Wholesale inventories rose in June for 18th month

Wholesale companies added more autos, machinery and computers to their stockpiles in June, pushing inventories up for the 18th consecutive month.

Wholesale companies added more autos, machinery and computers to their stockpiles in June, pushing inventories up for the 18th consecutive month.

Sales at the wholesale level rose 0.6 percent in June, the Commerce department said Wednesday. That followed a 0.3 percent drop in May. Sales have risen in 10 of the past 12 months.

Stockpiles increased 0.6 percent in June after a 1.7 percent gain in May.

Wholesale stockpiles have risen to $458.7 billion, up 19.6 percent from the low point hit in September 2009.

Rising sales could give businesses confidence to keep restocking their shelves. That could boost growth at a critical time when many fear the chances of another recession have increased.

For June, stockpiles of autos rose 4.3 percent, computers gained 3.5 percent and machinery increased 1.8 percent.

The ratio of inventories to sales was unchanged in June at 1.16. That means it would take 1.16 months to exhaust the current level of stockpiles.

Steven Wood, chief economist at Insight Economics, said the ratio was very close to the record low of 1.13 hit in March. Leaner stockpiles and rising sales typically suggest wholesalers will boost factory orders in the months ahead, he said.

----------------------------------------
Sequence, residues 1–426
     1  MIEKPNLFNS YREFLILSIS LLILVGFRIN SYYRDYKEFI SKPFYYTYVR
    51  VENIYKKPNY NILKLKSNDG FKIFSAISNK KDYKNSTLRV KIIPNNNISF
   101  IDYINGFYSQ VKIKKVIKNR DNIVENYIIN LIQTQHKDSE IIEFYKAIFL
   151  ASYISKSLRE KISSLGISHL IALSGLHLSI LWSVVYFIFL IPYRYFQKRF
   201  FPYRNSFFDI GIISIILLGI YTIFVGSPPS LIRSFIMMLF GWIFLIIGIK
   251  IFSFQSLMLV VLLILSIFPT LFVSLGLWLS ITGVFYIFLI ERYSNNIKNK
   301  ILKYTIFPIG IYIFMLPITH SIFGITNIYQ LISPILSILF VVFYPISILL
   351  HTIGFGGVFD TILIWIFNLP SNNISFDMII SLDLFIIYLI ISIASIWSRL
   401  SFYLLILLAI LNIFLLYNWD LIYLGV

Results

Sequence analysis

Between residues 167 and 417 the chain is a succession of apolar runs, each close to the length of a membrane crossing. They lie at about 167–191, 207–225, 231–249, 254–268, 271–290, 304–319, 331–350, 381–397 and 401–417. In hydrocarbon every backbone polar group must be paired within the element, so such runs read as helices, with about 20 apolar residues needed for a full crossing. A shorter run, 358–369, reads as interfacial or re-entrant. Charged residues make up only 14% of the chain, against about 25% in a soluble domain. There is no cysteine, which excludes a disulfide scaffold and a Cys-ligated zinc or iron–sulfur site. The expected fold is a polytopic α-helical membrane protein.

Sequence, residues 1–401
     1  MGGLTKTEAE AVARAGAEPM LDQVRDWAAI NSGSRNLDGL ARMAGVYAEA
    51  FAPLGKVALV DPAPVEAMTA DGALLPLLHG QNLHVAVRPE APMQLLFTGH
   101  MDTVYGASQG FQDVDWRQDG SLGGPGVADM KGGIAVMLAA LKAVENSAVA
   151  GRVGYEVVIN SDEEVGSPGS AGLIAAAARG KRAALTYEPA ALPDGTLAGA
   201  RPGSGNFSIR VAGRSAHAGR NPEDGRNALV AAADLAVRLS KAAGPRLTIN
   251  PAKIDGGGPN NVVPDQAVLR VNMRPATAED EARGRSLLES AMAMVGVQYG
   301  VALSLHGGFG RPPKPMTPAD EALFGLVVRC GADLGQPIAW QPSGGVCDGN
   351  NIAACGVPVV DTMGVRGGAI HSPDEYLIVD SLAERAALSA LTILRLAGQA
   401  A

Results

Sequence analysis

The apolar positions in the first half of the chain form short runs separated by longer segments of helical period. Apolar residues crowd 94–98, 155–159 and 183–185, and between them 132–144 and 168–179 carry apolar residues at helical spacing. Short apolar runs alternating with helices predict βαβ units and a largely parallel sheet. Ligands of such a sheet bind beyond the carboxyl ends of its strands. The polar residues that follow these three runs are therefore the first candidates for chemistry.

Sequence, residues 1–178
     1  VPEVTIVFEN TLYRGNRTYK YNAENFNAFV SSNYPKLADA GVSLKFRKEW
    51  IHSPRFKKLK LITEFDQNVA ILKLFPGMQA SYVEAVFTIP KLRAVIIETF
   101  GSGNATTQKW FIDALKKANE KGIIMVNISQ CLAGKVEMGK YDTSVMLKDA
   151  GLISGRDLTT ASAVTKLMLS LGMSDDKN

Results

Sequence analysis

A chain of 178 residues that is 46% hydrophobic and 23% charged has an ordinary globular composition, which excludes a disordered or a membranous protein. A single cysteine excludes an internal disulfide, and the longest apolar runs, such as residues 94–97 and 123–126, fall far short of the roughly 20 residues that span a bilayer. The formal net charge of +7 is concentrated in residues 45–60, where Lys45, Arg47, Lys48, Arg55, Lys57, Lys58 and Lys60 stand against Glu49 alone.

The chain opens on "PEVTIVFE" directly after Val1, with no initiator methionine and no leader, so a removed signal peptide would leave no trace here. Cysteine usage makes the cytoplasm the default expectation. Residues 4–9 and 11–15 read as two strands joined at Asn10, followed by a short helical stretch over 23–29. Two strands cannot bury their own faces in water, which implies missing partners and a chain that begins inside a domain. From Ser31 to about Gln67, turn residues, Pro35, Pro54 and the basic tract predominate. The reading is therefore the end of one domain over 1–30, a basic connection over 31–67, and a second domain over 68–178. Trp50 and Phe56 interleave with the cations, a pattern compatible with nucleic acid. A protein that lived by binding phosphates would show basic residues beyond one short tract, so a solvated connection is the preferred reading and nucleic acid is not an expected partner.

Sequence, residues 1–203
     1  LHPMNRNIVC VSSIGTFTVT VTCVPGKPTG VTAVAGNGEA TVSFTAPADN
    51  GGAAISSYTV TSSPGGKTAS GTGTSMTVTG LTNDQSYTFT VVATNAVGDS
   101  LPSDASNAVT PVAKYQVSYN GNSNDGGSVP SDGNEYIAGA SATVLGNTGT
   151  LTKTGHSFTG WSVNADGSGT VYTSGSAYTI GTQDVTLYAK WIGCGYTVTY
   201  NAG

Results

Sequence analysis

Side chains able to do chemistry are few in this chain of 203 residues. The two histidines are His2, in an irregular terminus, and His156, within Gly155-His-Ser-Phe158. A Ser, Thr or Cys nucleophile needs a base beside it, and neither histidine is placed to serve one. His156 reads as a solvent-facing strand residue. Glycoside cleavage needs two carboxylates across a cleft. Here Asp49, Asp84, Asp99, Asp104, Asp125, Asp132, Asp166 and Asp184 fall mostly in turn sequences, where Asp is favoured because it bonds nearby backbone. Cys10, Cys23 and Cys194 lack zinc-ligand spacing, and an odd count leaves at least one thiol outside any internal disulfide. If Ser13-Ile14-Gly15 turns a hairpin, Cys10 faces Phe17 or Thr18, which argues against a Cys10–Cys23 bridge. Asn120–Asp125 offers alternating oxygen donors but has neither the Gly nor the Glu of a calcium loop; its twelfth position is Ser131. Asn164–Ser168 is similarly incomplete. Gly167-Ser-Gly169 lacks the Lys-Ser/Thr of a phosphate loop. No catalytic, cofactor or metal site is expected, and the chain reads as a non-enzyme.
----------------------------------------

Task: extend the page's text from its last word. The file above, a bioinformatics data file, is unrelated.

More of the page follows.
The economy expanded at an annual rate of just 0.8 percent in the first six months of the year, the slowest growth since the recession officially ended two years ago. In June, consumers cut spending for the first time in 20 months and saved more. Wages are barely growing.

Hiring has slowed from the start of the year. Employers added 117,000 net jobs in July, an improvement from the previous two months. Still, more than twice that number are needed to significantly drive down the unemployment rate, which was 9.1 percent last month.

U.S. manufacturing has been one of the strongest sectors of the economy since the recession ended. Efforts by businesses to restock depleted shelves have fueled much of that factory production.

But factory activity weakened in the spring, in part because of supply chain disruptions caused by the Japan crisis. As a result, U.S. manufacturers have had a difficult time getting component parts, particularly for autos and electronics.

The Federal Reserve on Tuesday said it expects the economy will stay weak for the next two years. As a result, it said it planned to keep interest rates at super-low levels for at least through mid-2013.

The Fed hopes that by providing more certainty to businesses and consumers, it will be able to spur increased borrowing and economic activity.

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